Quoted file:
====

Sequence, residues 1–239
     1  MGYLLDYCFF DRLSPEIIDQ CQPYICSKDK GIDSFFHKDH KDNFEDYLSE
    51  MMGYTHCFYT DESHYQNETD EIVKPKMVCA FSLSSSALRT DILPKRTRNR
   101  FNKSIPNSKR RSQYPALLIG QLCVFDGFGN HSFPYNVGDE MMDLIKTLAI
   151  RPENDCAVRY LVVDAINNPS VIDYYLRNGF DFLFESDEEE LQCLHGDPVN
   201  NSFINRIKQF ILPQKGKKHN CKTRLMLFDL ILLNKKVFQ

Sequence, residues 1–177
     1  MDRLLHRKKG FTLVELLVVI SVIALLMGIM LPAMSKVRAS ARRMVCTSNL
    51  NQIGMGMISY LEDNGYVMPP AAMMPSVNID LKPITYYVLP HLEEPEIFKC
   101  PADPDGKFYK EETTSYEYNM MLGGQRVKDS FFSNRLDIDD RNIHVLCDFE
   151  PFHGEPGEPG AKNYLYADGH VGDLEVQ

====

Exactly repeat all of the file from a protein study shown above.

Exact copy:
Sequence, residues 1–239
     1  MGYLLDYCFF DRLSPEIIDQ CQPYICSKDK GIDSFFHKDH KDNFEDYLSE
    51  MMGYTHCFYT DESHYQNETD EIVKPKMVCA FSLSSSALRT DILPKRTRNR
   101  FNKSIPNSKR RSQYPALLIG QLCVFDGFGN HSFPYNVGDE MMDLIKTLAI
   151  RPENDCAVRY LVVDAINNPS VIDYYLRNGF DFLFESDEEE LQCLHGDPVN
   201  NSFINRIKQF ILPQKGKKHN CKTRLMLFDL ILLNKKVFQ

Sequence, residues 1–177
     1  MDRLLHRKKG FTLVELLVVI SVIALLMGIM LPAMSKVRAS ARRMVCTSNL
    51  NQIGMGMISY LEDNGYVMPP AAMMPSVNID LKPITYYVLP HLEEPEIFKC
   101  PADPDGKFYK EETTSYEYNM MLGGQRVKDS FFSNRLDIDD RNIHVLCDFE
   151  PFHGEPGEPG AKNYLYADGH VGDLEVQ